Thus, torture can strictly only be acceptable if and only if all five of the assumptions are in place. If even one is absent, then, in that case, torture is unacceptable. However, in the modern society, there has not been a recorded case of a ticking time bomb scenario. Thus, making a pro-torture argument on this assumption is basing it on speculation. Furthermore, in the real world, if there were a ticking time bomb, there would be no way to have adequate knowledge of the ticking time bomb. If there was a way, that same strategy could be employed to acquire information on how to stop it as opposed to resorting to torture (Christopher 11).

Torture should never be acceptable as it a major violation of the basic human rights. Torture is appropriately seen as an inhumane and medieval ways of treating the human condition and has no place in the modern society regardless of its origin, the crimes committed of the perceived good that will result from it. In this regard, there have been several treaties that have been signed regarding the use of torture. For example, the Geneva convention forbids the use of any form of violence to person or life as a means of acquiring information. Subsequently, in the United Nations Universal Declaration of human rights, it is stated that no person is to be subject to any form of degrading inhumane and cruel punishment a sentiment also echoed in several other treaties such as The United Nations Convention Against Torture, and the Rome Statute of the International Criminal Court. Thus, on a statutory level, the use of torture is not acceptable in any circumstance (Christopher 7).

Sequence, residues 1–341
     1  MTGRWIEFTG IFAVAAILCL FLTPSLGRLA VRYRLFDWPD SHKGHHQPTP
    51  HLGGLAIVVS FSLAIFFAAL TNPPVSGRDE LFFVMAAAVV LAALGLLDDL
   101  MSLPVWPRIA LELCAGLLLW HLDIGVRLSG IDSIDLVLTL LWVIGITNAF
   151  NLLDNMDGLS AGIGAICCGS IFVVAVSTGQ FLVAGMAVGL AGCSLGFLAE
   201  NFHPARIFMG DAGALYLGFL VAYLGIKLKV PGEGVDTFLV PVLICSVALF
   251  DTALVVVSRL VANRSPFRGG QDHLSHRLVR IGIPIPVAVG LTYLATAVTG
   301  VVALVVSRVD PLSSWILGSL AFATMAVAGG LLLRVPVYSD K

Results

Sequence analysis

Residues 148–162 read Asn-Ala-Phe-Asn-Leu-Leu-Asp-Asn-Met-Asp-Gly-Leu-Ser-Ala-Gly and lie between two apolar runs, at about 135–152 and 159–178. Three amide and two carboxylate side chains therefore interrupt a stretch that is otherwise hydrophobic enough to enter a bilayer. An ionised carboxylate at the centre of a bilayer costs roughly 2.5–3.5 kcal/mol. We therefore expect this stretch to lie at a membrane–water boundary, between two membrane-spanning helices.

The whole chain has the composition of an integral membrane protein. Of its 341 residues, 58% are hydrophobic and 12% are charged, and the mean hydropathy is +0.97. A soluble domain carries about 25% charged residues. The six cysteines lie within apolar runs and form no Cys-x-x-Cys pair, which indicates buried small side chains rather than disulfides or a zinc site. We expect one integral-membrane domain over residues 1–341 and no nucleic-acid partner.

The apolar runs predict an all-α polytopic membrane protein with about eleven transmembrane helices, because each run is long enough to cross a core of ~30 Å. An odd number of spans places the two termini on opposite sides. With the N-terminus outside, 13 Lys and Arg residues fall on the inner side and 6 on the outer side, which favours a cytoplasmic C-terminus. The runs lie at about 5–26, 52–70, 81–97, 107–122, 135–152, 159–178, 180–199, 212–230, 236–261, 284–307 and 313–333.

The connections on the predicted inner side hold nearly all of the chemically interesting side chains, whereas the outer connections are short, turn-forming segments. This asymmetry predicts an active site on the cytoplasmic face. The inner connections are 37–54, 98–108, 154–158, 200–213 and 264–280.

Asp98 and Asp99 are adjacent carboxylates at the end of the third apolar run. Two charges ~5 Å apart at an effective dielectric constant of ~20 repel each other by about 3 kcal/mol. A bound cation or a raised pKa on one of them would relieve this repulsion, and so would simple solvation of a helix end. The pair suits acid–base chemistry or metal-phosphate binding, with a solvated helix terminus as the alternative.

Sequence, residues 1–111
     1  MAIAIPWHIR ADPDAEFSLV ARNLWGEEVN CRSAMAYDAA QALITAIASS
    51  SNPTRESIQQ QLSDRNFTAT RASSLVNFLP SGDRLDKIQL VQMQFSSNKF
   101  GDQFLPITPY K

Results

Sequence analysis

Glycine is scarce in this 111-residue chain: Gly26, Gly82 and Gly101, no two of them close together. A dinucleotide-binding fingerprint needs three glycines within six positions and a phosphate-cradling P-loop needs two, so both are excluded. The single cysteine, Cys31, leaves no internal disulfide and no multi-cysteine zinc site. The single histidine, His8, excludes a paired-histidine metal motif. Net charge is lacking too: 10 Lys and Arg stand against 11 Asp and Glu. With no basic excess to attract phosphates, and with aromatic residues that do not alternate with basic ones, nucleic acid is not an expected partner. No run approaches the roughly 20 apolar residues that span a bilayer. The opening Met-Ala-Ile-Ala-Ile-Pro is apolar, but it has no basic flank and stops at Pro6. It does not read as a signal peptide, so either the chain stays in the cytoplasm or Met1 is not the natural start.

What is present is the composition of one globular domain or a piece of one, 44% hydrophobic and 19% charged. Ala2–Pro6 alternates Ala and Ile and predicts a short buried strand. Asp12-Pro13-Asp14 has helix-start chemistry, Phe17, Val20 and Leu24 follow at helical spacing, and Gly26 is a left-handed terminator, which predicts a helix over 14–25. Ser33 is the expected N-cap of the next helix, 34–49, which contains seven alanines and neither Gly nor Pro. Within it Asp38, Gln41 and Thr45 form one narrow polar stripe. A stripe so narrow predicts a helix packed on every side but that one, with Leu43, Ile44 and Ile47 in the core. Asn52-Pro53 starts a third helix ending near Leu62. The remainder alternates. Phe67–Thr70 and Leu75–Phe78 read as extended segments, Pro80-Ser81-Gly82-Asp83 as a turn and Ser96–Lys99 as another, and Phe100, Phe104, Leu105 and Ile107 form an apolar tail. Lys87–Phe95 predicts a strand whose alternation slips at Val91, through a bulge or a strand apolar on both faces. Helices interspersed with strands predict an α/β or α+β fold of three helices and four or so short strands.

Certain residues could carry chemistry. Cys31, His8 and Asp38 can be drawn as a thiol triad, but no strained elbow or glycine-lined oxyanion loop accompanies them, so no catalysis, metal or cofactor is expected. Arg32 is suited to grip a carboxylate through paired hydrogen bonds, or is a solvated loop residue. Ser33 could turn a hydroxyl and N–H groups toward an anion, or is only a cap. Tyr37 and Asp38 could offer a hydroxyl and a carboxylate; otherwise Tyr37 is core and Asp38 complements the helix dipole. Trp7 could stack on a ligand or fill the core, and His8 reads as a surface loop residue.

The use of torture should never be acceptable as it would contribute to the loss of trust in the government by its citizens. One of the chief elements of the citizens trust in their countrys governing body is the integrity and fairness of their judicial system. All citizens of a country trust that their judicial system will guarantee the decency of crime and punishment (Greer 111). For instance, in the United States, this guarantees is on the 8th amendment. However, if torture is made acceptable in any form for any situation, it would mean that the citizens would no longer feel safe to deal with the judicial system. This situation would be worse in the case of an innocent person that through some mishap in the investigate process cannot prove his or her innocence. Such an individual would have to endure severe physical and psychological damage before their innocence is proven. Subsequently, to put a stop to the torture, the innocent person would have to come up with narratives that he or she thinks the interrogators will deem valid to stop the torture.